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Economy

Sh7.7bn hidden cost of Nairobi’s expressway

Uhuru Kenyatta
President Uhuru Kenyatta when he flagged off road construction works of the expressway in October. FILE PHOTO | NMG 

Taxpayers will foot a Sh7.7 billion bill to move water and sewerage lines from the path of Kenya’s first double-decker expressway set to be built in Nairobi, highlighting the hidden costs of the project.

Part of the money will cover the cost of completing water works in the Sh6.8 billion World Bank-backed Northern Collector Tunnel.

The Treasury has asked MPs to approve allocation of the extra cash to be spent by the Ministry of Water and Sanitation on the Northern Collector and the James Gichuru Express Road.

“I draw your attention that the additional Sh7.76 billion budget to the ministry is meant for relocation of water and sewerage works ahead of the construction of the expressway,” Mr Kimani Ichung’wah who chairs the Budget Committee said at a meeting with Parliament budget experts who briefed the team on the Treasury’s Sh85 billion mini-budget.

Treasury secretary Ukur Yatani is expected to provide a detailed breakdown on the planned expenditure.

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President Uhuru Kenyatta in October launched construction of the double-decker road that is set to link the Jomo Kenyatta International Airport (JKIA) to Nairobi-Nakuru highway.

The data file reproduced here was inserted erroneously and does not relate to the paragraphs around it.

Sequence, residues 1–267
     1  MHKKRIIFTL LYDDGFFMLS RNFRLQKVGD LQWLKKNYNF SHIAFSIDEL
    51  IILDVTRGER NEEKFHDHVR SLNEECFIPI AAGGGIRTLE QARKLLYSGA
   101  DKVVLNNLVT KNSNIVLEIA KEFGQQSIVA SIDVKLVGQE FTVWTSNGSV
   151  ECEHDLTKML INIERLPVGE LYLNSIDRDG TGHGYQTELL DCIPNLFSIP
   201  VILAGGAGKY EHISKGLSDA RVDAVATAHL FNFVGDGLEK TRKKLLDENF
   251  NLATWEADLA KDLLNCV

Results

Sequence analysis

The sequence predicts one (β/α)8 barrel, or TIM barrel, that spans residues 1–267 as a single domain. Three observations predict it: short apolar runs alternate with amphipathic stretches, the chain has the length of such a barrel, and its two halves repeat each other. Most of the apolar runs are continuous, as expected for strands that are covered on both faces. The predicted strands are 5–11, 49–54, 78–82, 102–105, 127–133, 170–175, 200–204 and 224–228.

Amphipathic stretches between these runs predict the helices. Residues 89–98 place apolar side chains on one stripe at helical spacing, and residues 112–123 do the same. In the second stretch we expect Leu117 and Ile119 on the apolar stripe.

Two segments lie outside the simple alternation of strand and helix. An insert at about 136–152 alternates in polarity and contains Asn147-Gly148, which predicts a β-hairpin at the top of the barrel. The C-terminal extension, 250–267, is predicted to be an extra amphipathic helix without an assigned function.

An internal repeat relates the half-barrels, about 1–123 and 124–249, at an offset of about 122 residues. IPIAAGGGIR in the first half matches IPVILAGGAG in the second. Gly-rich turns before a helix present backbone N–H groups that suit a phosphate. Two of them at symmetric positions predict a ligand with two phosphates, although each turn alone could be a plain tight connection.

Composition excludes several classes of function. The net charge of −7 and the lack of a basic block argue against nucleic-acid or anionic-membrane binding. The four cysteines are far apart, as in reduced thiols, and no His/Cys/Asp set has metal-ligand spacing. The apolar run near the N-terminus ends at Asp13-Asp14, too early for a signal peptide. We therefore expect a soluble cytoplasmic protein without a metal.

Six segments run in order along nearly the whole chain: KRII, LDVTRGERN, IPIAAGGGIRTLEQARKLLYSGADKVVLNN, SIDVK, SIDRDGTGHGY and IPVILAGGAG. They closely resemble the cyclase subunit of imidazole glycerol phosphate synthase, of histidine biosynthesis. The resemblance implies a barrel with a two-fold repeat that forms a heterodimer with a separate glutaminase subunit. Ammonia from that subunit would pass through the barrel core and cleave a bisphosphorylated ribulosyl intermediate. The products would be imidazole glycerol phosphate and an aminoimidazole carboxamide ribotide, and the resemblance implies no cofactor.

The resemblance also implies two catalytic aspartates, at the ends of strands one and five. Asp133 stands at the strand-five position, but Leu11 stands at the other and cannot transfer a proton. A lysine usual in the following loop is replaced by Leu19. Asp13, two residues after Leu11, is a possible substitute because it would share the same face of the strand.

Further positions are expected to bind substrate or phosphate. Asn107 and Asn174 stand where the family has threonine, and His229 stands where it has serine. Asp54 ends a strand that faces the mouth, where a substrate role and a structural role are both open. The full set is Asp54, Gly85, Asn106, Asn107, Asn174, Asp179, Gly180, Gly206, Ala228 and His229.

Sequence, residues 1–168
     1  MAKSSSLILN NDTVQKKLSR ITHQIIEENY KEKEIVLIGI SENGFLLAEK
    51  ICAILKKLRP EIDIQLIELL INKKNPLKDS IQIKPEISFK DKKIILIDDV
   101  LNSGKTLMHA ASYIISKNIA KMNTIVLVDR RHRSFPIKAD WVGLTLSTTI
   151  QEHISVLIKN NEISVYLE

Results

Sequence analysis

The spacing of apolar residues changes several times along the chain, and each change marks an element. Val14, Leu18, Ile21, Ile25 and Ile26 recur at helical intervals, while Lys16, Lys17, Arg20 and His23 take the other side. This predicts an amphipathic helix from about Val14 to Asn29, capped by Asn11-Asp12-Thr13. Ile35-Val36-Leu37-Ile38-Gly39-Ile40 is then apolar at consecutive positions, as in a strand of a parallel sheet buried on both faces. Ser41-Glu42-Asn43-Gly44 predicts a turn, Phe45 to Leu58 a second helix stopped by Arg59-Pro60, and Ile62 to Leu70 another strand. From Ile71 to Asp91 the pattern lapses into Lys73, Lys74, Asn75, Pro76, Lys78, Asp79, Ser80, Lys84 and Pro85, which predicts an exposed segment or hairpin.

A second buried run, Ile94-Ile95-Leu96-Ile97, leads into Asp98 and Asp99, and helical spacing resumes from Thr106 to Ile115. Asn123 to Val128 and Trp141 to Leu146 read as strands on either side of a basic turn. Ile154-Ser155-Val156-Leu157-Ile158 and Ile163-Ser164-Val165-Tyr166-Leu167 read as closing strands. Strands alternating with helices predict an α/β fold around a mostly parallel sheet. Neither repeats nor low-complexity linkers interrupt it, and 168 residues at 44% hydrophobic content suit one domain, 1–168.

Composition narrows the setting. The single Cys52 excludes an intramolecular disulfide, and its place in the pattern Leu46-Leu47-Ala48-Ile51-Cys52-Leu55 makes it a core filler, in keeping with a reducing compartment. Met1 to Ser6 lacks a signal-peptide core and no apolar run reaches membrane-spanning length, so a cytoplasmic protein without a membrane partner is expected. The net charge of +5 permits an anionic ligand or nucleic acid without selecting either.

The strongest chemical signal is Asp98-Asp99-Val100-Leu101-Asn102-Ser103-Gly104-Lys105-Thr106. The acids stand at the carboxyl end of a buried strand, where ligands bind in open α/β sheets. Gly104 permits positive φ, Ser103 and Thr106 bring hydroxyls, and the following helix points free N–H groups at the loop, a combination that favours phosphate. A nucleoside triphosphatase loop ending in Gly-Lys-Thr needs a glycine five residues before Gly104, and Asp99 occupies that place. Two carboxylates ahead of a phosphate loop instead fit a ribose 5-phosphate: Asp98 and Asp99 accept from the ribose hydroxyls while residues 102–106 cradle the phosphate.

The Sh59 billion project will be financed under the public-private partnership (PPP) model, according to the Kenya National Highways Authority (KeNHA). The tender for construction of the 27-kilometre road has been awarded China Road and Bridge Corporation (CRBC).

The road is expected to reduce the heavy traffic gridlocks on Mombasa Road, which usually start from Mlolongo to the city centre.

Transport Secretary James Macharia told the Business Daily in May that motorists would have the option of using the expressway to escape the heavy traffic jams at a fee.

The Chinese contractor is expected to recover its investments from the toll charges.

Motorists using the lower section of the double-decker highway would, however, be spared the toll charges.

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